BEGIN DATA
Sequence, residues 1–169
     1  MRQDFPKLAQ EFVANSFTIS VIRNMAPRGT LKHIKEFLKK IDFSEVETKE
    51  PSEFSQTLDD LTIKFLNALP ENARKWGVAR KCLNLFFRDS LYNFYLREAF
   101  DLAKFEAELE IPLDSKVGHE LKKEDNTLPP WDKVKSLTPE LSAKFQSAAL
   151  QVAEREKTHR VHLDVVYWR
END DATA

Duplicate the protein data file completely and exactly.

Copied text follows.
Sequence, residues 1–169
     1  MRQDFPKLAQ EFVANSFTIS VIRNMAPRGT LKHIKEFLKK IDFSEVETKE
    51  PSEFSQTLDD LTIKFLNALP ENARKWGVAR KCLNLFFRDS LYNFYLREAF
   101  DLAKFEAELE IPLDSKVGHE LKKEDNTLPP WDKVKSLTPE LSAKFQSAAL
   151  QVAEREKTHR VHLDVVYWR